Shot in the arm

The biggest benefit of investing in Section 12J venture capital companies is not the tax break but helping to create a vibrant SME sector in SA

Shot in the arm

In his 2008 Budget Speech, then Minister of Finance Trevor Manuel acknowledged the need to open up access to equity finance for SMEs in high-tech sectors and the junior mining exploration industry. So it came to be that Section 12J was written into the Income Tax Act and took effect on 1 July 2009. The new law enabled investors to obtain an upfront tax deduction on any amount invested in a venture capital company (VCC).

There wasn’t much uptake in the first few years of Section 12J as the deduction was only temporary relief with recoupment of these deductions when investors exited the fund. SARS eventually amended the legislation, saying that as long as investors stayed in the fund for five years or longer, no recoupment would occur.

Etienne Louw, senior manager at Mazars, explains the legislation in its current form. Say, for example, an investor falls within a marginal tax bracket; if they invest R1 million in a VCC, the full amount invested can be deducted. Furthermore, assuming a taxable income of R2 million, their tax owed will drop from R900 000 to R450 000. Through this process the VCC company obtains funding, enabling it to invest in a qualifying company. And this is the ultimate aim of Section 12J, to fund small businesses, which, in theory, will eventually lead to job creation and greater economic growth. ‘Through Section 12J, government has successfully created a vibrant SME sector,’ says Johann Kritzinger, CEO of tax consultancy Nreach One. ‘Capital flowing to SMEs has been significant in stimulating this sector of the economy, which receives little or no support from traditional capital markets – amounting to an injection of R6 billion.’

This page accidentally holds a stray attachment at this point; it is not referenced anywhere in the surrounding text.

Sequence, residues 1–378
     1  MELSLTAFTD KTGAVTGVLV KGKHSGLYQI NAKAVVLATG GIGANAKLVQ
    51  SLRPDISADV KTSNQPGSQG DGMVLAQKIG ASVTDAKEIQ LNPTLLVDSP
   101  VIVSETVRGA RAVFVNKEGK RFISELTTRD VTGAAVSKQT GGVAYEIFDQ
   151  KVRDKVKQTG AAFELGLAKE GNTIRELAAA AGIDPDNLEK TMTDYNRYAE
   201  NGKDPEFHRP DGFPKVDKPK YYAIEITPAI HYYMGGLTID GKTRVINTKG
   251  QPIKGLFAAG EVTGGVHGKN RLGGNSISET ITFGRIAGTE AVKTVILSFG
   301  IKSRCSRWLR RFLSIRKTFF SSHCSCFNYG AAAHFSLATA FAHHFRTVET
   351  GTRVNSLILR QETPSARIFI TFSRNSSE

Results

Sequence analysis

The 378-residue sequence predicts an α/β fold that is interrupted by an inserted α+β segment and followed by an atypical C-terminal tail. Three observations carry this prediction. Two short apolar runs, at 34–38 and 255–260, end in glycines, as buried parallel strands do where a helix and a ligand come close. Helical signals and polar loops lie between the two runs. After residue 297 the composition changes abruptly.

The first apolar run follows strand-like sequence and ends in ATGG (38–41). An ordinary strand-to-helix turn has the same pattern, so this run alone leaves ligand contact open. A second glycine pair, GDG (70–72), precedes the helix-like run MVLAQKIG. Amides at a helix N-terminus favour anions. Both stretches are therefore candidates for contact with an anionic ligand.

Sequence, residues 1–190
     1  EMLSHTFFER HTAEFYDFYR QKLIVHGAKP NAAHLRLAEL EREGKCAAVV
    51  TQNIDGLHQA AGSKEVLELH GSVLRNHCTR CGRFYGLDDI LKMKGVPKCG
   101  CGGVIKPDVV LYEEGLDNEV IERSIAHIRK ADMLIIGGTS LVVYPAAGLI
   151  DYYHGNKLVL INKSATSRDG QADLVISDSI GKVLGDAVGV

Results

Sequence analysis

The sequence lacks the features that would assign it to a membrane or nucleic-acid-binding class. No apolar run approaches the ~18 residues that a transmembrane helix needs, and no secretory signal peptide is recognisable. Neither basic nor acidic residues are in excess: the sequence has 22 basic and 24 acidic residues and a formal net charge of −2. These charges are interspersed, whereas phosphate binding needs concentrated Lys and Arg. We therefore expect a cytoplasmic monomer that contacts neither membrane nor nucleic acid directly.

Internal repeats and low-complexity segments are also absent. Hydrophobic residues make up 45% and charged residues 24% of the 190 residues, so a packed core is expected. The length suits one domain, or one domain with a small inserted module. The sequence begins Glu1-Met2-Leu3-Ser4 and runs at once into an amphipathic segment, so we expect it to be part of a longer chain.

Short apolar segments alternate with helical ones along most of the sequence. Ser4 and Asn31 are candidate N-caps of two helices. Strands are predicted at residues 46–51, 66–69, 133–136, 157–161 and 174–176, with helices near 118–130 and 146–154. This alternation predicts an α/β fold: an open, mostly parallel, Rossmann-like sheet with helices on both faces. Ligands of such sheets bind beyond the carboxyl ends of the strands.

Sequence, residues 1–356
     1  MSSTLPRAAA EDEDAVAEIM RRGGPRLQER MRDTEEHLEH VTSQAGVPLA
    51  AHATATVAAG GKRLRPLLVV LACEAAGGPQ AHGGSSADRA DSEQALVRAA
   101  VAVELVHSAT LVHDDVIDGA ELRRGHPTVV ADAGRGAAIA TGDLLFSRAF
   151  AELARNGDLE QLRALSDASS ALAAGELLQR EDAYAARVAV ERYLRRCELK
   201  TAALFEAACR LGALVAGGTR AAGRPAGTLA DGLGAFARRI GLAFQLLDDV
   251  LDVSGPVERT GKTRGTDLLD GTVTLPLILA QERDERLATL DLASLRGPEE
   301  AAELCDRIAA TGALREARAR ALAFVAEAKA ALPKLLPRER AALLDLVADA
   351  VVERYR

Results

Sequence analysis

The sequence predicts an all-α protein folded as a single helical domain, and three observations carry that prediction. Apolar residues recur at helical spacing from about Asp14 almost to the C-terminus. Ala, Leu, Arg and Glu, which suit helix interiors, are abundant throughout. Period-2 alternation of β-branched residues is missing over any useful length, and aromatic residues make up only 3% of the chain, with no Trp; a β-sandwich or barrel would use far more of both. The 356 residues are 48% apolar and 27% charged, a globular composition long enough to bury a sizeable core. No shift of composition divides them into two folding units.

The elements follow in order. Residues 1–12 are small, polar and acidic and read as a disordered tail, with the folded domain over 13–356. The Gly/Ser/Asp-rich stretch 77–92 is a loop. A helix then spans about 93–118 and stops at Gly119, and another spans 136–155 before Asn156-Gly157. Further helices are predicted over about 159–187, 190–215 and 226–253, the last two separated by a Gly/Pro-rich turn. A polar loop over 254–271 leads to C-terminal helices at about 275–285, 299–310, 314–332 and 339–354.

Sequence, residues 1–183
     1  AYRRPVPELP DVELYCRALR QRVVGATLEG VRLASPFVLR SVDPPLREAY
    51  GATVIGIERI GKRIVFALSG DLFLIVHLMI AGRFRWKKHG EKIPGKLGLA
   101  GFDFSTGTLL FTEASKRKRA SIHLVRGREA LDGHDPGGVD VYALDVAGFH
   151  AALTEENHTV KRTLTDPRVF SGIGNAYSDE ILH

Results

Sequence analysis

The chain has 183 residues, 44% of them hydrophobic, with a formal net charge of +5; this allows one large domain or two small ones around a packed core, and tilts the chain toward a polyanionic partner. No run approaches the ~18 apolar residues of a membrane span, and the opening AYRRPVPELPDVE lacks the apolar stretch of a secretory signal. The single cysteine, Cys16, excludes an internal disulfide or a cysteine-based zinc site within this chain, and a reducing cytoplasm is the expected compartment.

According to venture capitalist and CEO of MyGrowthFund Vusi Thembekwayo, ‘trusted and established VCC funds exist to turn start-up businesses into investor-ready professional outfits, with systems and structures in place. These funds that are in it for the long-haul will frequently have skin in the game, investing in the innovators alongside corporate or pension fund investors’.

Section 12J does, however, come with its string of caveats. Natasha Wilkinson, tax attorney at Tax Consulting SA, explains a few of the intricacies. Section 11(a) of the act, for example, stipulates that the expenditure incurred by an investor in acquiring shares, which are held on capital account, is not deductible from income, she says.

Section 9C(5) of the act reinforces this by stating that, subject to certain exceptions, where equity shares are held for at least three years and are disposed of by a taxpayer, the expenditure or losses incurred, which was allowed previously as a deduction, is included in the taxpayer’s taxable income. ‘There are many such intricacies involved in the VCC regime and it is always best for investors to obtain thorough advice from a tax attorney to establish whether the VCC regime is available and whether there may be a better tax-saving tool available,’ says Wilkinson.

These furthermore include directions from SARS on which VCCs to invest in, what qualifies as an equity share, and which companies qualify for investments from VCCs. For example, investors must ensure they invest only with a SARS-approved VCC whose approval status has not been withdrawn – this list can be found on the SARS website. If the approval status has been withdrawn, the VCC must include in its income the amount equal to 25% of the expenditure incurred by any person for the issue of shares held by the VCC. For the investor, this withdrawal may also result in their investment no longer qualifying for deduction under Section 12J.‘Taxpayers should be mindful that aside from the myriad requirements set out above, Section 12J in itself also contains measures that either limit the deduction available or give circumstances where the deduction will not be available,’ says Wilkinson.

For companies to become a Section 12J VCC, they must be licensed by SARS and the FSCA, and if the investor happens to interact with a Category 2 financial services provider (FSP), they should take comfort that this type of FSP is a full discretionary asset manager, says Kritzinger.